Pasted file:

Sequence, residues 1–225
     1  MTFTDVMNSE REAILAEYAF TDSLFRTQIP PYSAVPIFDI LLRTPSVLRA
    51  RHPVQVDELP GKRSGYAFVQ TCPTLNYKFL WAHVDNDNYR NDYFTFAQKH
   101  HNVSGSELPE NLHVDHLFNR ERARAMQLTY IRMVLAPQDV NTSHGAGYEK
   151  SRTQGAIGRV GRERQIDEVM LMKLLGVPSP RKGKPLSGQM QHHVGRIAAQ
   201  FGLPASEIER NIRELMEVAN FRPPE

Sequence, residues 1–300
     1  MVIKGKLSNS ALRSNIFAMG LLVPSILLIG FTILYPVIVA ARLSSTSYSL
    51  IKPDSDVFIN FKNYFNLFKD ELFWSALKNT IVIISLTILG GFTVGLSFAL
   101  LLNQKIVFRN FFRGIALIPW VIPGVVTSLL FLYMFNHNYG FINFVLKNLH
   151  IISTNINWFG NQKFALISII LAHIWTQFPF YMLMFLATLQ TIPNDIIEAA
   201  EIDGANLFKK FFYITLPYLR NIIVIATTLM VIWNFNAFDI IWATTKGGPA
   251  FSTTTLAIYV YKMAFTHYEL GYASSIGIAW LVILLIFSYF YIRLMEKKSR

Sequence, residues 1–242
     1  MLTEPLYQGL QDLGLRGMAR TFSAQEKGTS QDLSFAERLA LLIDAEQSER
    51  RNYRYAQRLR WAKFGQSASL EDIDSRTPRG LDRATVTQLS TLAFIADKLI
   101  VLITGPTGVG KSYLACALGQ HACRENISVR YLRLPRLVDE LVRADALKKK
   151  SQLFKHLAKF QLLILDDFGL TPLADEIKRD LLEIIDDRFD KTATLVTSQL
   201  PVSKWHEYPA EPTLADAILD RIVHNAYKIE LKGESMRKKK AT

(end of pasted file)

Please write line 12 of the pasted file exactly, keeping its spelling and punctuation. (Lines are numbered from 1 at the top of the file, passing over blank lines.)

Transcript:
   201  EIDGANLFKK FFYITLPYLR NIIVIATTLM VIWNFNAFDI IWATTKGGPA